In fact, they look like palm trees, with long, thick, dark-green leathery leaves, shaped like swords.
Some varieties of screw pine are cultivated for their fruit, which is edible. Some are cultivated for their flowers and fragrant leaves. The fibre from the leaves is strong enough to make sails for small boats from.
Depending on the variety, a screw pine tree can be 1 to 20 metres tall (3 to 65 feet). As a screw pine tree grows, the leaves spiral up around the tree’s central stem.
The trees will be either male or female.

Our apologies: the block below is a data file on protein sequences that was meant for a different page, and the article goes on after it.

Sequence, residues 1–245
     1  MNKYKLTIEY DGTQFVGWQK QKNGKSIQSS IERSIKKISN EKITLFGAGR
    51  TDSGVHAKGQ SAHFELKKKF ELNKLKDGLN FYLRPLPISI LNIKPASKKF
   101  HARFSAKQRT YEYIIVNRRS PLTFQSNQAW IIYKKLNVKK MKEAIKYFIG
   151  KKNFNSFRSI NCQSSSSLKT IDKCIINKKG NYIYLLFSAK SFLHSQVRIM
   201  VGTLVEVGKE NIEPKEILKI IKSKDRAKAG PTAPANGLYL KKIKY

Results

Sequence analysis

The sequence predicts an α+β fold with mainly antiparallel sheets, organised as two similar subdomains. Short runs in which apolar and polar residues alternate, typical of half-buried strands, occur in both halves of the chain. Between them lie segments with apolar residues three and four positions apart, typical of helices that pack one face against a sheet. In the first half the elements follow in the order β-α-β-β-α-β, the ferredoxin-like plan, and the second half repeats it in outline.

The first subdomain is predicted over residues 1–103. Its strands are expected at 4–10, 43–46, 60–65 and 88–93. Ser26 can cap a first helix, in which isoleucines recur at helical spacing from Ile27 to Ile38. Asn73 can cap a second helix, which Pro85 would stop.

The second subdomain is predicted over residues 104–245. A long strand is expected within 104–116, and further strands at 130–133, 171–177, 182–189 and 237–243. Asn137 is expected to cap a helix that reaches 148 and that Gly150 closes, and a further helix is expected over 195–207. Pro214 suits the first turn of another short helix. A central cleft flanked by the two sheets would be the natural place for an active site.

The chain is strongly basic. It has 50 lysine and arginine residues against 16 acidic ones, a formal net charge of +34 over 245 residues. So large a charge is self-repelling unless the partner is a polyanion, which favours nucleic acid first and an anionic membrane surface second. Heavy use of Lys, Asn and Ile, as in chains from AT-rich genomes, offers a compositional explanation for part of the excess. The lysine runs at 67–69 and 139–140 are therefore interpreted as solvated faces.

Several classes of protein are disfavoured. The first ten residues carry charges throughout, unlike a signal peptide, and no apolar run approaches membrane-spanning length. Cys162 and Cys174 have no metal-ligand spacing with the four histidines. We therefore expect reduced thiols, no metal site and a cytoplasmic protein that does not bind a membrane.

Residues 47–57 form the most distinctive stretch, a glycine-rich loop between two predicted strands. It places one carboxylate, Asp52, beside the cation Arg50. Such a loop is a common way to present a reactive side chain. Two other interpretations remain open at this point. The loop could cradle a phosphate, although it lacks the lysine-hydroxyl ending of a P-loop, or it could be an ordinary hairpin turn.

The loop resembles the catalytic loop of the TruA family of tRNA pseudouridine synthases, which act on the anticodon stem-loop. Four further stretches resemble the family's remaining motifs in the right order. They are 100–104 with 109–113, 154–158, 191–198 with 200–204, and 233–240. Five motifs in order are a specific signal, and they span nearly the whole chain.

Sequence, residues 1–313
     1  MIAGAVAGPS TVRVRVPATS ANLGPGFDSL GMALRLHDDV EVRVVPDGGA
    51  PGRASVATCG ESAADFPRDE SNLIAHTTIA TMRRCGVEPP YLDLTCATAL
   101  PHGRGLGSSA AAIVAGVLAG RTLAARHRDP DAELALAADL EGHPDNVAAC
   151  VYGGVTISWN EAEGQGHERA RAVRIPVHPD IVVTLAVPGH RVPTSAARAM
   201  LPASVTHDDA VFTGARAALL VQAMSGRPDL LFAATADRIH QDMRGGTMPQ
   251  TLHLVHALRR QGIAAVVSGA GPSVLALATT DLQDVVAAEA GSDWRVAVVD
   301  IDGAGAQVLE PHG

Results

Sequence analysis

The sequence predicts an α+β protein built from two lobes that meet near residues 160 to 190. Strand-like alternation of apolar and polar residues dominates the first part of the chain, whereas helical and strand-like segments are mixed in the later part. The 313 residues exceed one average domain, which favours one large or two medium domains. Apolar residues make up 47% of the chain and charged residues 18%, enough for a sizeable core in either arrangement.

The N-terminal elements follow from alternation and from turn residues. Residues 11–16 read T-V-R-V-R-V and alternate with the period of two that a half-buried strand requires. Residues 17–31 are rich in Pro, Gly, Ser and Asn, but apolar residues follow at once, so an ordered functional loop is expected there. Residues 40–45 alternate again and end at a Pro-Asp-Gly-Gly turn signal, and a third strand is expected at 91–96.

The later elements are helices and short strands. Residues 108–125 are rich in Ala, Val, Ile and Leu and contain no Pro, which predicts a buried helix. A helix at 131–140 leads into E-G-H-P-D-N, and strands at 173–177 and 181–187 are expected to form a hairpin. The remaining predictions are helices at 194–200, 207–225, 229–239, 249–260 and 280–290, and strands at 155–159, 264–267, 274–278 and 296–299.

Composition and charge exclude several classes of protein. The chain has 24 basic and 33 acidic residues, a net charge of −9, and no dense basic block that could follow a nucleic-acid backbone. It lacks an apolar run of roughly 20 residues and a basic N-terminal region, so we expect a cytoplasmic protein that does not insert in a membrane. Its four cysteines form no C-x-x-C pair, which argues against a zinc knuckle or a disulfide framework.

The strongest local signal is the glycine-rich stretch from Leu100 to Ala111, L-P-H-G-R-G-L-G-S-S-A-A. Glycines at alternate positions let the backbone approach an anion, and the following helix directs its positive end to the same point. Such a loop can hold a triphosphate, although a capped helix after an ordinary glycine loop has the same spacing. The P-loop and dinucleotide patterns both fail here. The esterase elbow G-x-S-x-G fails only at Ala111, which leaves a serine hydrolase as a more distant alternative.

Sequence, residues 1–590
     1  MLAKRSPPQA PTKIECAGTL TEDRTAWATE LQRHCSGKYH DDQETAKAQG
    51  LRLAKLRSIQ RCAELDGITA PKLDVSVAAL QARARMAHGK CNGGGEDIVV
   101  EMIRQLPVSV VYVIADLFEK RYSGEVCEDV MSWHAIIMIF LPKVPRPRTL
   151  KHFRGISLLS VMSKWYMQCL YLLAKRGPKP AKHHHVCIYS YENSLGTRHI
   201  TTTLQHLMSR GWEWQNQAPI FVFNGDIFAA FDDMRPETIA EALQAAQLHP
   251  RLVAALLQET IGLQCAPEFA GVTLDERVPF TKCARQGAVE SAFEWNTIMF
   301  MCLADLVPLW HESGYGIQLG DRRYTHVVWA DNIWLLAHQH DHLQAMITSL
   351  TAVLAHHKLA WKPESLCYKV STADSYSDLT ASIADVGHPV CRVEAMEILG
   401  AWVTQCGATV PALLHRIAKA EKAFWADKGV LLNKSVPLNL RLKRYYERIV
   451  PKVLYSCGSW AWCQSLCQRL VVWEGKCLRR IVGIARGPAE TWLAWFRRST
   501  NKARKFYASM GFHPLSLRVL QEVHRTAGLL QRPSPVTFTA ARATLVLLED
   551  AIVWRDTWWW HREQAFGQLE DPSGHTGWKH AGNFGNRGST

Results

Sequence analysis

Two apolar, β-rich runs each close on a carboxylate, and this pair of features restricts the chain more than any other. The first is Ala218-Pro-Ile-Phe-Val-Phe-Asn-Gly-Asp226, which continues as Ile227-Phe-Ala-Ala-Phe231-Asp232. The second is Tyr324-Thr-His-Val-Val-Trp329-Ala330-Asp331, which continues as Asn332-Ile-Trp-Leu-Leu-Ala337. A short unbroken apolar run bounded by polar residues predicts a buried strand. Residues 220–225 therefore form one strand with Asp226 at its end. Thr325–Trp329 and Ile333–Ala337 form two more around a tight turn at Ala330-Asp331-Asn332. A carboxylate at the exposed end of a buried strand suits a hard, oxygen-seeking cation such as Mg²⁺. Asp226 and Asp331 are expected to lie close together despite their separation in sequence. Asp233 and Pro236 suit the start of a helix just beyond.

Two varieties, Pandanus odoratissimus and Pandanus amaryllifolius, have particular culinary uses.
Pandanus odoratissimus (aka Pandanus fascicularis, Pandanus tectorius) has flowers that are used in making screw pine essence (and from that, screw pine water,) The leaves of the same variety are eaten as a vegetable in China when very young, but past that, they are too fibrous and so are used as a source of making in making household goods such as baskets and mats. This variety is sometimes referred to as “Tahitian screw pine.”
Note: some sources distinguish Pandanus tectorius from Pandanus odoratissimus.
Native to southern India.
Called “Ketakiphul ” in Bengali.